Dodgers: L.A. gets OK for Orel talks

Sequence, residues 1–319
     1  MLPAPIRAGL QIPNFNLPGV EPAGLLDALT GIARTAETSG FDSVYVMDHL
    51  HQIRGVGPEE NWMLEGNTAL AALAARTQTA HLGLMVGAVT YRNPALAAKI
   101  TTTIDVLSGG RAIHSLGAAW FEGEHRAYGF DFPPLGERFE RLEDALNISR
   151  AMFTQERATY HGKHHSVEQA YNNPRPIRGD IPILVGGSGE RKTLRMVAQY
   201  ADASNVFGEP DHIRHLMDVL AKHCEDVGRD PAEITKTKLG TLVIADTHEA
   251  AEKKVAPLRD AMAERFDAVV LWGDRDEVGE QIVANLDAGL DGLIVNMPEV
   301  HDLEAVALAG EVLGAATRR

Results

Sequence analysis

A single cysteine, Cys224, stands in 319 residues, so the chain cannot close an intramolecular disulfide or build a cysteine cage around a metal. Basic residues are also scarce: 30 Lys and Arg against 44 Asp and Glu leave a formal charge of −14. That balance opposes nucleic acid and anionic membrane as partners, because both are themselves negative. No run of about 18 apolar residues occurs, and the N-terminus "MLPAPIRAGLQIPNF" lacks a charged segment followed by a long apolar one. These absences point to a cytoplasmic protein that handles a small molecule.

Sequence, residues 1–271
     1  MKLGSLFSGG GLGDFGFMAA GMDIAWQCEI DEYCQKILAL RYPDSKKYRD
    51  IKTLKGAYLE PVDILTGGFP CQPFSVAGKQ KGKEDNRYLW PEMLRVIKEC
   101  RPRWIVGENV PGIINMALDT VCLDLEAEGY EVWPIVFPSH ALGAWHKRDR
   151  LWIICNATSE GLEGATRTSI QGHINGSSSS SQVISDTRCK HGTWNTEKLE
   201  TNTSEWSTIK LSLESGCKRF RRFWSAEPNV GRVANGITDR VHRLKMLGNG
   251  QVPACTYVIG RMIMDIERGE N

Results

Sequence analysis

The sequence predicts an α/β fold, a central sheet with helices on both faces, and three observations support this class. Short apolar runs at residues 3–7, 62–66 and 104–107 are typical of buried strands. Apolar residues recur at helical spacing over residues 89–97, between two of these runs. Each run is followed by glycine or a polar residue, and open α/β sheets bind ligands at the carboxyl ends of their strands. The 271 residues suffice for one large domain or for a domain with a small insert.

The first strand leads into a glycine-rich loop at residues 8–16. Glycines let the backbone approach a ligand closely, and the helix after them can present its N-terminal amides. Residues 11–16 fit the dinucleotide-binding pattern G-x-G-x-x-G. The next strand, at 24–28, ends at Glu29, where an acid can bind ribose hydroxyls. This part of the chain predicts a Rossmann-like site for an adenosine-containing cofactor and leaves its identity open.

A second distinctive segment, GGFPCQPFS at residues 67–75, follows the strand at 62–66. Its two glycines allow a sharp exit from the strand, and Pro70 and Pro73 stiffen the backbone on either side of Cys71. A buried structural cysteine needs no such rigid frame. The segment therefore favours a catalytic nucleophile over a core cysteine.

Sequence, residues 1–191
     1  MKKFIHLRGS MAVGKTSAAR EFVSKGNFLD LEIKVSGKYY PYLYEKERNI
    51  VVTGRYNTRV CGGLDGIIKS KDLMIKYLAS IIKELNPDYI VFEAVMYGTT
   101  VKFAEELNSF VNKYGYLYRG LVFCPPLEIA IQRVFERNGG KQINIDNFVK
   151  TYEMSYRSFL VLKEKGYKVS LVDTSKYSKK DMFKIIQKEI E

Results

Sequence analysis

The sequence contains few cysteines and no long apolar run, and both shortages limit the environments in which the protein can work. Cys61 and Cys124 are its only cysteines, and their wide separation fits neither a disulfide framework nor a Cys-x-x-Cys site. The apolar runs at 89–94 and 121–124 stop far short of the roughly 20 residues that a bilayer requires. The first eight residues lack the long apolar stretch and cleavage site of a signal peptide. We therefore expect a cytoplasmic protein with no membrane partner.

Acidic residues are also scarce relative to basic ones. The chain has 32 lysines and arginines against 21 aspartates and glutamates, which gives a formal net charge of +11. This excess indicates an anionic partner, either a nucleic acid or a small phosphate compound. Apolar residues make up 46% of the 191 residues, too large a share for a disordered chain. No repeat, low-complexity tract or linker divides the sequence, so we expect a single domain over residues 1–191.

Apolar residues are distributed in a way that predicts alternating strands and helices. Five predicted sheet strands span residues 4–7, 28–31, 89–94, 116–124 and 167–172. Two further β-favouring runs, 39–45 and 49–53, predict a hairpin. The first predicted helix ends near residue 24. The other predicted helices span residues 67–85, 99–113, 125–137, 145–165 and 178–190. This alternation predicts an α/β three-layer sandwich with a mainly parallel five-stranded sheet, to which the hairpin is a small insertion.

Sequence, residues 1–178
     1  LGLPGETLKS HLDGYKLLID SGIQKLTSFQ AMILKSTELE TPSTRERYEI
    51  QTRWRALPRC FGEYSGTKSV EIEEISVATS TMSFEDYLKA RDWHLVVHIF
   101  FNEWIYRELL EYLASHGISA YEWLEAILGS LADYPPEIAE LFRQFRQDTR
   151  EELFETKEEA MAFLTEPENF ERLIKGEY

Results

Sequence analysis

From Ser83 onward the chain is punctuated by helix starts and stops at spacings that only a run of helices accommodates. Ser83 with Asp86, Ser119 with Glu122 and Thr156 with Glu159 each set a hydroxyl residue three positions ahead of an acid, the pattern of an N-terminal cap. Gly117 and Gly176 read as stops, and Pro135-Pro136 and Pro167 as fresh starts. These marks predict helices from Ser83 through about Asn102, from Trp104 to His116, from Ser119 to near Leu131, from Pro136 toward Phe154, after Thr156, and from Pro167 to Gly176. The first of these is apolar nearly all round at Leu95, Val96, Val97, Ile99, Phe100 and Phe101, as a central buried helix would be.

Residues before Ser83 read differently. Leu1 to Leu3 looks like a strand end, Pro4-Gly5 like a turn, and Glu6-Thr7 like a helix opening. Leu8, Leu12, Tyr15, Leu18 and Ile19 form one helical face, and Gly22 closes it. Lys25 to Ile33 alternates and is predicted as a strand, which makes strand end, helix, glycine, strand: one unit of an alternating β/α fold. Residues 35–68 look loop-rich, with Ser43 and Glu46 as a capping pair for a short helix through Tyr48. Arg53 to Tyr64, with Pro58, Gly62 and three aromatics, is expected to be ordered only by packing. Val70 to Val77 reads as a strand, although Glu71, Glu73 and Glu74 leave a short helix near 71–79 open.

first_imgThe Dodgers have received permission to speak to Texas pitching coach Orel Hershiser about the club’s vacant managerial position, but general manager Paul DePodesta has not decided whether to make Hershiser the sixth candidate brought to Los Angeles for a formal interview. DePodesta spoke at length with Rangers general manager Jon Daniels earlier this week, part of DePodesta’s stated effort to do extensive research on each candidate. Daniels is becoming impatient with the uncertainty of not knowing whether the highly respected Hershiser is going to return next season, according to a source with close ties to the Rangers. DePodesta was unavailable for comment Thursday. A Dodgers spokesman said there was nothing new to report on the club’s managerial search, which has been on-going since the departure of Jim Tracy on Oct. 3 and apparently won’t conclude until after the World Series. Hershiser, 47, is a key figure in the Dodgers’ storied history. He pitched a major-league record 59 consecutive scoreless innings for them late in 1988 before winning two games in the World Series, a five-game victory over Oakland. AD Quality Auto 360p 720p 1080p Top articles1/5READ MOREWalnut’s Malik Khouzam voted Southern California Boys Athlete of the Week Hershiser pitched for the Dodgers from 1983-94, then finished his career with a brief return stint in 2000. He has made no secret of his interest in managing the Dodgers. But Hershiser’s viability as a candidate remains in question, a fact made obvious by DePodesta’s failure thus far to commit to a formal interview. But he is more viable now than he was when the search began, apparently thanks to a pair of telephone conversations Hershiser had with Oakland general manager Billy Beane last week when the A’s appeared to be in search of a manager themselves. Several sources say Beane was highly impressed with Hershiser, but the A’s ultimately switched gears and re-hired manager Ken Macha. DePodesta was Beane’s assistant in Oakland for five years, and the two remain close. Hershiser’s sudden emergence as a candidate probably stems from a recommendation given to DePodesta by Beane. Tony Jackson,(818) 713-3675 center_img [email protected] 160Want local news?Sign up for the Localist and stay informed Something went wrong. Please try again.subscribeCongratulations! You’re all set!last_img read more